The Pew Research survey asked households why they don’t have broadband. Respondents could supply more than one response.

  • 50% claimed that price was a major factor and 21% cited this as the primary reason.
  • 45% said that their smartphone could do everything they need.
  • 43% said they had good access to the Internet outside the home.
  • 31% said they couldn’t afford a computer.
  • Only 22% said that they couldn’t order a broadband connection, and only 7% said that was the primary reason they didn’t have broadband.

The Census Bureau also correlated their results with household income, and it’s not surprising that low-income households have a much lower broadband connection rate. The Census Bureau survey showed that only 59% of homes that make less than $20,000 per year have broadband. The subscription rate for all households making more than $20,000 is 88%.

Interestingly, the FCC doesn’t ask why people don’t have broadband. They interpret their mission to measure broadband availability and they count homes with or without broadband connections. This raises a few questions. What exactly is the FCC’s mandate from Congress – to get America has connection to reach the Internet or to make sure that America makes those broadband connections? I read the FCC’s mandate from Congress to have some of both goals. If availability is not the primary reason why homes don’t have broadband, the FCC might get more bang from their buck by putting some effort into digital inclusion programs. According to the Horrigan article, there are now more homes that can’t afford broadband than homes that don’t have a connectivity option.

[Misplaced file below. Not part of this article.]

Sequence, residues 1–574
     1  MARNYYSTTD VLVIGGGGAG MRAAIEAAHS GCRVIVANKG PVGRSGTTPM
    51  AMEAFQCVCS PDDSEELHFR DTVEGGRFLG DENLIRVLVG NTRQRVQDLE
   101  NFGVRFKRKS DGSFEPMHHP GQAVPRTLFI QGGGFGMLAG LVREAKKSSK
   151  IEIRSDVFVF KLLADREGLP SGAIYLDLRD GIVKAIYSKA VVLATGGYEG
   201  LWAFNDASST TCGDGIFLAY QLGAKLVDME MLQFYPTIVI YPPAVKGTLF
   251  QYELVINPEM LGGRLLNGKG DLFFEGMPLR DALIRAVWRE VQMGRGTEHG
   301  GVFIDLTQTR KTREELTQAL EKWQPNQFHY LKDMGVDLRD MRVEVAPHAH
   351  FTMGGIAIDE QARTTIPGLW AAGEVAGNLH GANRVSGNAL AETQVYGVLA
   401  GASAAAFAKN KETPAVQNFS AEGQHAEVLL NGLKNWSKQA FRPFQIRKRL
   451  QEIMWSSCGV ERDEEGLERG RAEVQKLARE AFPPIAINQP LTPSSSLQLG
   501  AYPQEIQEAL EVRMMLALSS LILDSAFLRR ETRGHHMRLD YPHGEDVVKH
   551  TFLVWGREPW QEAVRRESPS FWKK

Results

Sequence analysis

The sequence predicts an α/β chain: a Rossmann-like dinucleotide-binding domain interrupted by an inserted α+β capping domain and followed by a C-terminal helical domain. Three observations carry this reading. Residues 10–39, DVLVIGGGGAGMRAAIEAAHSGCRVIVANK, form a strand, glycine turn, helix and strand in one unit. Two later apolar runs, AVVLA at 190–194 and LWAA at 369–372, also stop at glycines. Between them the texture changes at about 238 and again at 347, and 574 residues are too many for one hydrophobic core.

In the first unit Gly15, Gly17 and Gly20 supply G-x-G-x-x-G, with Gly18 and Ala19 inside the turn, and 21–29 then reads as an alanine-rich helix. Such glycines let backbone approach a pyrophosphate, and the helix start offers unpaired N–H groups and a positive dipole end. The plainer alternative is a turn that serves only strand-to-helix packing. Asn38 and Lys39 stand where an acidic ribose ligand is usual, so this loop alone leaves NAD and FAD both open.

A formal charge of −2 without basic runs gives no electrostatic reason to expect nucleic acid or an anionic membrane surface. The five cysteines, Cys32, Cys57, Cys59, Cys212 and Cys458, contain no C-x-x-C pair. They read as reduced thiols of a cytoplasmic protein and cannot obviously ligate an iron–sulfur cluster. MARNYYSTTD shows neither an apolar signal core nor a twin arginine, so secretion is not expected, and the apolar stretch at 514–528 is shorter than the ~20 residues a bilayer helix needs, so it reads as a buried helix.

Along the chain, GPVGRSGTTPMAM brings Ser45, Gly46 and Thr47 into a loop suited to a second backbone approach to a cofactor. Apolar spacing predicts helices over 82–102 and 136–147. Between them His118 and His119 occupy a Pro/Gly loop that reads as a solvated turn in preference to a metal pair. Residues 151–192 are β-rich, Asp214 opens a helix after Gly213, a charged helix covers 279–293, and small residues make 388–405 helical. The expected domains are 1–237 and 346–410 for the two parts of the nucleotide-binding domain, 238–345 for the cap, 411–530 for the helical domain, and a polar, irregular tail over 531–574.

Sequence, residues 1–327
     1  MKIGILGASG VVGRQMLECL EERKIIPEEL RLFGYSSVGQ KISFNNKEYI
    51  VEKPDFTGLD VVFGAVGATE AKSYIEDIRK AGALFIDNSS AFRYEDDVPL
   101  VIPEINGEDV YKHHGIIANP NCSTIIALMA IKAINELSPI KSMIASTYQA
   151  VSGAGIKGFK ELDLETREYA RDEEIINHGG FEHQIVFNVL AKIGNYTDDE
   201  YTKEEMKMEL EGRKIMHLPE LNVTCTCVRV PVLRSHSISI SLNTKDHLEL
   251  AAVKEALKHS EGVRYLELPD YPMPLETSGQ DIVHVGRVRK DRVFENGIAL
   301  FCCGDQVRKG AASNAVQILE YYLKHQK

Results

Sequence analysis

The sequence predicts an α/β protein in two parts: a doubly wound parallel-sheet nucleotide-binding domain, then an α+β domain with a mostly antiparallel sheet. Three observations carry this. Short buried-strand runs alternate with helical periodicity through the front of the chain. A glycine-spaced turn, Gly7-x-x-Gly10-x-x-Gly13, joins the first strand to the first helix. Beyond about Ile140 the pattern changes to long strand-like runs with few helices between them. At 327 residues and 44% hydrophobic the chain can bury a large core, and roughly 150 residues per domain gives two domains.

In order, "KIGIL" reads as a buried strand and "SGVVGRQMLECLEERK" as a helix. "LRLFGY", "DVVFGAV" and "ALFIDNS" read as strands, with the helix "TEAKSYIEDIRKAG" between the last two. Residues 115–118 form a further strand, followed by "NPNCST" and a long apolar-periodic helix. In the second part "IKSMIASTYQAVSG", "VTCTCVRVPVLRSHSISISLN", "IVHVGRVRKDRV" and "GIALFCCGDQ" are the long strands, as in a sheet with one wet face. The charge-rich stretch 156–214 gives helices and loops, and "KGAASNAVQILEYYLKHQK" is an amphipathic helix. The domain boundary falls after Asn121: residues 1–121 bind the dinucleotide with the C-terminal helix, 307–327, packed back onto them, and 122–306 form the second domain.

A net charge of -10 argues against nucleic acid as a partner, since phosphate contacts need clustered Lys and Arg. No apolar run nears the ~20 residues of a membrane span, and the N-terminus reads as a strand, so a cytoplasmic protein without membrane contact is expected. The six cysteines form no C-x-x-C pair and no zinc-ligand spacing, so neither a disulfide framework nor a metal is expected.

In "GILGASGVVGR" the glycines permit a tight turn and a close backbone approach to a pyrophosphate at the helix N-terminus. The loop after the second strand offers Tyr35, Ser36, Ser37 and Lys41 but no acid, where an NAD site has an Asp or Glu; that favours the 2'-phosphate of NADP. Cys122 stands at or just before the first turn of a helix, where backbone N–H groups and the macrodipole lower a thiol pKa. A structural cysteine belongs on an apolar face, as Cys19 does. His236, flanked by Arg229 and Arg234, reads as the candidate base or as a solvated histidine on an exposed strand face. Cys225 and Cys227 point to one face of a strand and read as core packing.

This implies the need for a much-improved Lifeline Fund. The current Lifeline program is likely not making a big difference in digital inclusion. It provides a small monthly subsidy of $9.25 per month for qualifying households to save money on either their telephone bill or their broadband bill. It’s becoming increasingly hard to qualify for Lifeline because the big telcos like AT&T are backing out of the program. Some cable companies provide low-cost cable lines to homes with school students, but to nobody else – and cable companies don’t operate outside of towns.

In addition to a more effective Lifeline program, digital inclusion also means getting computers into homes that can’t afford them. I’ve written before about the non-profit group E2D that provides computers to school students in Charlotte, NC. Perhaps some of the Universal Service Fund could be used to assist effective groups like E2D to get more computers to more households.

My firm CCG conducts surveys and we’ve seen anecdotal evidence in a few recent surveys in poor rural counties that a lot of homes don’t buy the slow DSL option available to them because of price. These homes tell us that price mattered more than connectivity. I don’t have any easy answer for the best way to promote digital inclusion. But there are folks in the country who have made amazing progress in this area and perhaps the FCC should consider giving such groups some help. At a minimum, the FCC needs to recognize that now that most homes have a broadband connection that price is a major barrier for the majority of those who are not connected.